Diagnostic value of image guided fine needle aspiration cytology in assessment of vertebral and paravertebral lesions
S Menon, N Gupta, R Srinivasan, K Mandeep, R Nijhawan, A Rajwanshi, N Khandelwal
April-June 2007, 24(2):79-81
Fine needle aspiration cytology (FNAC) of radiologically detected vertebral and paravertebral lesions is now used extensively for diagnosis and further management of patients. In this study, we report our experience with image guided FNAC diagnosis of vertebral and para-vertebral lesions in a total of 150 cases. Out of a total of 150 patients, 34 (22.7%) cases were positive for malignancy, 61 (40.7%) cases were benign non neoplastic lesions, 23 (15.3%) had inadequate/ unsatisfactory material for diagnosis, 31 (20.7%) had normal cellular elements of bone marrow and 1 (0.6%) case was diagnosed as a benign nerve sheath tumour. Radiologically guided FNAC is a simple, cost effective procedure in vertebral and paravertebral lesions.
Gastrointestinal stromal tumours - report of three cases and review of literature
A Deshpande, MM Munshi
April-June 2007, 24(2):96-100
Three cases of GIST were diagnosed on guided fine needle aspiration cytology. Two cases showed groups and whorls of benign spindle cells with elongated, blunt ended nuclei, which were diagnosed as GIST (probably benign). One case showed more obvious pleomorphism, round nuclei and binucleation. This was diagnosed as GIST (probably borderline/malignant). Although a tentative grading was communicated to the surgeon, it was made very clear that a confident grading cannot be given on cytology because this is based on size, presence of necrosis/haemorrhage and the mitotic count. Although a confident diagnosis of GIST can be made on cytology, we believe that grading should be left to histology.
A survey of practice patterns of fine needle aspiration among junior doctors in Lagos, Nigeria
SA Malami, B Ojo, M Nnoli, VI Onyiaorah, C Anunobi
April-June 2007, 24(2):67-72
Fine needle aspiration (FNA) cytology is a rapid and inexpensive screening test for cancer and its precursors but the technique is underutilized in Nigeria because clinicians are ignorant of its many advantages. A cross sectional descriptive study was undertaken using a pre-tested close and open-ended interview questionnaire administered on 44 junior doctors in the Lagos University Teaching Hospital (LUTH) a prominent training institution in Nigeria to highlight their general knowledge, perceptions and utilization of the technique. The response rate in this survey was 55 %. Awareness of the FNA among the respondents was high and knowledge of its principal indications, cost effectiveness and limitations was quite good. But there are important gaps in the other aspects of their knowledge of the technique which might explain why so many (50 per cent) had the wrong attitude to its adoption as a first line investigative procedure, particularly with respect to obvious misconceptions about its accuracy and safety. Significantly, many of the junior doctors were unaware of the places of imaging (50 %) and molecular studies (25 %) in routine FNA practice. In our opinion this study has highlighted the need for more physicians' training in FNA in Nigeria. Being a technique that is easily adapted to conditions in the developing countries, it is hoped that this simple test would be used more often in future for pre-operative diagnoses in this and other developing nations.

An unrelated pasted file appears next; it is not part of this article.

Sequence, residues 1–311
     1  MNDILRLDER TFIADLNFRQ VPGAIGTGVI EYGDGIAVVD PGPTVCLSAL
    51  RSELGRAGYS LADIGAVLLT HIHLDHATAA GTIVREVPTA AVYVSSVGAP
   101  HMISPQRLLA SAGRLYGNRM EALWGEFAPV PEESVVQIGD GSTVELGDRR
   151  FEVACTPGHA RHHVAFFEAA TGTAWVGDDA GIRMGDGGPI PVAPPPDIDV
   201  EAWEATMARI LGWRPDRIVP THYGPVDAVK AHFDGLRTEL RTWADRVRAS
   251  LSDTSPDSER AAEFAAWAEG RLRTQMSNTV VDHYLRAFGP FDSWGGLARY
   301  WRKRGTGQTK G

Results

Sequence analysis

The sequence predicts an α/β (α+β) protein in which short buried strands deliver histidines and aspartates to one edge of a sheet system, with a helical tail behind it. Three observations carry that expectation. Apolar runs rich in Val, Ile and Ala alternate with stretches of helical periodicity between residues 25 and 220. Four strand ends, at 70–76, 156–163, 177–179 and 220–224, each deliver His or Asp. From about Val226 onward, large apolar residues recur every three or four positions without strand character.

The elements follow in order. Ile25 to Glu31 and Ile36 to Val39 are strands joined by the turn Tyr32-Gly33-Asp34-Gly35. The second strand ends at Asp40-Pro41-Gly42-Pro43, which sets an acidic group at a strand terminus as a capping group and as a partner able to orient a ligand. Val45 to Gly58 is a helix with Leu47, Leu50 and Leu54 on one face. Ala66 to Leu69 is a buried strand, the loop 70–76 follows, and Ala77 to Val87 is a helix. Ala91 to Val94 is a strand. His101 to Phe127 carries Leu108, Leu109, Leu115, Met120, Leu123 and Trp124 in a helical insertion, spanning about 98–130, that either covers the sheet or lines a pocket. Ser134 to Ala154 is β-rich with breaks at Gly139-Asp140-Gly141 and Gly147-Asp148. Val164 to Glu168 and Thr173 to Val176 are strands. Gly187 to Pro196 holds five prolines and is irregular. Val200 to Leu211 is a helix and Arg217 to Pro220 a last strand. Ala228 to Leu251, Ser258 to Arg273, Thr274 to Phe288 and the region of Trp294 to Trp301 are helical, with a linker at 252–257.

Comparison of unsatisfactory aspirates in fine needle aspiration performed by surgical medical officers and pathologists
G Kaur, S Sivakumar
April-June 2007, 24(2):82-84